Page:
One of the questions that came up during a class on ministry leadership concerned the issues that arise when a woman is given leadership responsibilities than include leading older men. She wondered what to do if an older man would not accept her leadership, but instead would run it by the lead Pastor first rather than taking direction from her, even though she had authority to do so. Here are some thoughts on younger leaders leading older people.
Remember that leading people older than you requires good listening skills, patience and the knowledge that you must learn how things have been done in the past before you can apply your new ideas. Build quality relationships, earn their trust and allow your leadership to rise organically. There is an old saying that “people don’t care how much you know until they know how much you care.” It sounds clichéd to say it, but that is really the secret to effective leadership of people who are older than you in years and experience.
Here are some thoughts about leading older people:
- Recognize that there are differences: When a person is more than 10 years older, they likely have different needs and expectations from their leader and the organization. The same is true leading people from the opposite sex. You should maximize your leadership by adapting your style to the person you are leading anyway, but this will be especially true when you lead someone who doesn’t always “need” your leadership. Watch and listen carefully.
- Value their wisdom: Most likely, there will naturally be things the other person has experienced that you haven’t. Don’t let that intimidate you. Allow it to work for you by gleaning from that wisdom.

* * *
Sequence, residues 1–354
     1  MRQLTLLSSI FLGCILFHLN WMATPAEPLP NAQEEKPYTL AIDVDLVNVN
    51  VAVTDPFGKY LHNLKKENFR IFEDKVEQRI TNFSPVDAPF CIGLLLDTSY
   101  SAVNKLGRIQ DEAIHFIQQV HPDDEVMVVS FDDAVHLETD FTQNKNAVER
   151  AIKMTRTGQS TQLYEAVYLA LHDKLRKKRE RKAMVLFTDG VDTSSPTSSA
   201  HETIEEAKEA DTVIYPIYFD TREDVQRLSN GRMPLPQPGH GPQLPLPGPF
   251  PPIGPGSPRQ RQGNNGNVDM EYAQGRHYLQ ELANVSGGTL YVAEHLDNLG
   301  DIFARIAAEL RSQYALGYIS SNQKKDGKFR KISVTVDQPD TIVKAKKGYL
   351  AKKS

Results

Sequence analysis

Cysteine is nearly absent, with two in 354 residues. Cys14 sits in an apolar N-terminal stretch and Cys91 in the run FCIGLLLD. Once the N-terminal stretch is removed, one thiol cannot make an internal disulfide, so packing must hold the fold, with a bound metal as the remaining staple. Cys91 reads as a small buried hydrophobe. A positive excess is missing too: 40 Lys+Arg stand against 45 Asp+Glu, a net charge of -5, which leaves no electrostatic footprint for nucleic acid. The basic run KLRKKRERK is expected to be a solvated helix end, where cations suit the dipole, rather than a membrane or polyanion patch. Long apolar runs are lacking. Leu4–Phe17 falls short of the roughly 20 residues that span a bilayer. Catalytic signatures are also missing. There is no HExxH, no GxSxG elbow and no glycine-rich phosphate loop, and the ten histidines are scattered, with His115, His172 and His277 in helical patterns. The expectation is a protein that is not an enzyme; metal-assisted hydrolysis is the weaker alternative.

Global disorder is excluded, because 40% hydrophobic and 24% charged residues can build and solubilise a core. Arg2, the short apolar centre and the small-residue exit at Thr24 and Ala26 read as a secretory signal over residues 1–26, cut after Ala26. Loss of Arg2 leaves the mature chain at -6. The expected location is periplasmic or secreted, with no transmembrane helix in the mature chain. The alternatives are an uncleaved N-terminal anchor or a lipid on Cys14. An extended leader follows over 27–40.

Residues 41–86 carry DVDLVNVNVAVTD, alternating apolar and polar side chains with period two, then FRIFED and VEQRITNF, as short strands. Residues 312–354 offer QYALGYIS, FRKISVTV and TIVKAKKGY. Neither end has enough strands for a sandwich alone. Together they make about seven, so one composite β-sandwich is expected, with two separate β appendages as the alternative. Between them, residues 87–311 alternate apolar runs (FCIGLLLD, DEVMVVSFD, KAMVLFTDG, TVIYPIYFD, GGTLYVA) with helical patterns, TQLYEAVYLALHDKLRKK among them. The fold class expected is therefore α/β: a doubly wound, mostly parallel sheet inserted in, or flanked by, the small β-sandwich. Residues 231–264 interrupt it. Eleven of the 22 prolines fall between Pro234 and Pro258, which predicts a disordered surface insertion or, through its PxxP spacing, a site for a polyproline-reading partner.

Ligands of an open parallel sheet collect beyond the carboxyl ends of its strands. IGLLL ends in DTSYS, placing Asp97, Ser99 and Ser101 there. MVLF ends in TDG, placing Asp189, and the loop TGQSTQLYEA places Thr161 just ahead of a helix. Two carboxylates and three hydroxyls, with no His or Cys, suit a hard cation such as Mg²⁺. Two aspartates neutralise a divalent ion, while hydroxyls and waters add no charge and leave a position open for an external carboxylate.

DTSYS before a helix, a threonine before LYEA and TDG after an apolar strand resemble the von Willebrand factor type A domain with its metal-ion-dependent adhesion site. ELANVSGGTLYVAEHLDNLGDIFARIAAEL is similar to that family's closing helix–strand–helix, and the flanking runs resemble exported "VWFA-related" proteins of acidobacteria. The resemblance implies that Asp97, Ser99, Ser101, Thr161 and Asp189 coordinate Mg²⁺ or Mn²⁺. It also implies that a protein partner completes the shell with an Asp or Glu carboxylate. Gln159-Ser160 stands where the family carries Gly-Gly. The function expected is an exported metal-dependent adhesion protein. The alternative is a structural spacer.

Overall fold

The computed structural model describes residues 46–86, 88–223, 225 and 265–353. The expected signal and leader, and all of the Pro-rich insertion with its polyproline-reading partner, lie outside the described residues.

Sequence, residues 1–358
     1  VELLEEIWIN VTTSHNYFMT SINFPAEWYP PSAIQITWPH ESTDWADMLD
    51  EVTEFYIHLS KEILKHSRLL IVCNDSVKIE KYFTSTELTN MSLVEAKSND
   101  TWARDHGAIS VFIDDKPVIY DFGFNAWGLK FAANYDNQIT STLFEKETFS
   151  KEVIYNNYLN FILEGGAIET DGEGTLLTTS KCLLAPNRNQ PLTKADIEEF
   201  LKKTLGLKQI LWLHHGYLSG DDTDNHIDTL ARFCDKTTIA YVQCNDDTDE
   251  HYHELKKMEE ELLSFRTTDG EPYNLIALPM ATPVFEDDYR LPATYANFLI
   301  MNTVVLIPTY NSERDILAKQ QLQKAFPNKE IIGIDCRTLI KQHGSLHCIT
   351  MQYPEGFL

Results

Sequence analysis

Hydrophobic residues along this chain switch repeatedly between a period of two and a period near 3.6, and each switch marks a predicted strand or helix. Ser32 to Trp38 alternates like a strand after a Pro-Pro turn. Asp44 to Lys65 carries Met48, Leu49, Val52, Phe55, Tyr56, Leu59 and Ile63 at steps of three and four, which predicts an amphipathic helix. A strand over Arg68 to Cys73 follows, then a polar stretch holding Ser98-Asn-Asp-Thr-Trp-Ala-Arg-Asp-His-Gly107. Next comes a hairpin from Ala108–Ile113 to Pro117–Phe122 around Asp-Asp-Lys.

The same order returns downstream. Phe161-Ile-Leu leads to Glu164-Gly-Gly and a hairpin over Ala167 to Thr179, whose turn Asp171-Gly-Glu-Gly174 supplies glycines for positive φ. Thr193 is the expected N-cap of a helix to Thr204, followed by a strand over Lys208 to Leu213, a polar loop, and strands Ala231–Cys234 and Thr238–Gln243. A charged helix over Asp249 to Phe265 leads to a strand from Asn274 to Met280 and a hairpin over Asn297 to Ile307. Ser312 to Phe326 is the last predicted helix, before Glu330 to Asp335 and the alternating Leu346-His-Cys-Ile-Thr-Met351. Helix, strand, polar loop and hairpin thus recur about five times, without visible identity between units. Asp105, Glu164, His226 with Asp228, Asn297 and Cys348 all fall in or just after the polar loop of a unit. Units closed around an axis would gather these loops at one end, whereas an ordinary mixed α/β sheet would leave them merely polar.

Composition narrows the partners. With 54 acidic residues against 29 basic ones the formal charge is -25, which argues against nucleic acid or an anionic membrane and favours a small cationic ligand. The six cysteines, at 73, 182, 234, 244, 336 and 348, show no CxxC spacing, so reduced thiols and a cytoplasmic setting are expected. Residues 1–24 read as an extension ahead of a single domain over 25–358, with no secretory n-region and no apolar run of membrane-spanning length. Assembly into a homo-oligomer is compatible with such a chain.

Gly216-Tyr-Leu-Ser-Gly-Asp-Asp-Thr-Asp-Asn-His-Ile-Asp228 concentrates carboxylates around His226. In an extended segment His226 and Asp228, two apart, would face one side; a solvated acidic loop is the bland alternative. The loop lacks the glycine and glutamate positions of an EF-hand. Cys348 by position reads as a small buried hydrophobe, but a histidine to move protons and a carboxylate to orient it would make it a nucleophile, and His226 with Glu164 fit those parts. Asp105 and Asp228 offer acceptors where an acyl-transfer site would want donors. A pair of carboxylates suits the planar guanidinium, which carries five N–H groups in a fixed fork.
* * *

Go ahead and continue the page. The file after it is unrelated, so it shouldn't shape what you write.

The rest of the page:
- Respectfully stand your ground: If you have been given leadership responsibilities, then do your job. You are expected to lead, but as you should with any person you lead, be respectful.
- Be clear on expectations: They may need a little more clarity on your expectations before they are ready to act. Be kind. Be respectful always, but be direct. Shoot straight with them. Stand firm when needed.
- Focus on your shared mission and vision. Instead of getting lost in the idea that you’re leading someone older, focus on the mission and vision you have in common and how best to work together to accomplish what you’re called to do. Who are we? Why do we do what we do? What are our goals? Where are we headed? (Inspire a shared vision. The Leadership Challenge)
- Focus on what’s true and unique about them, and about you. Act like someone they should respect and follow, and they probably will!
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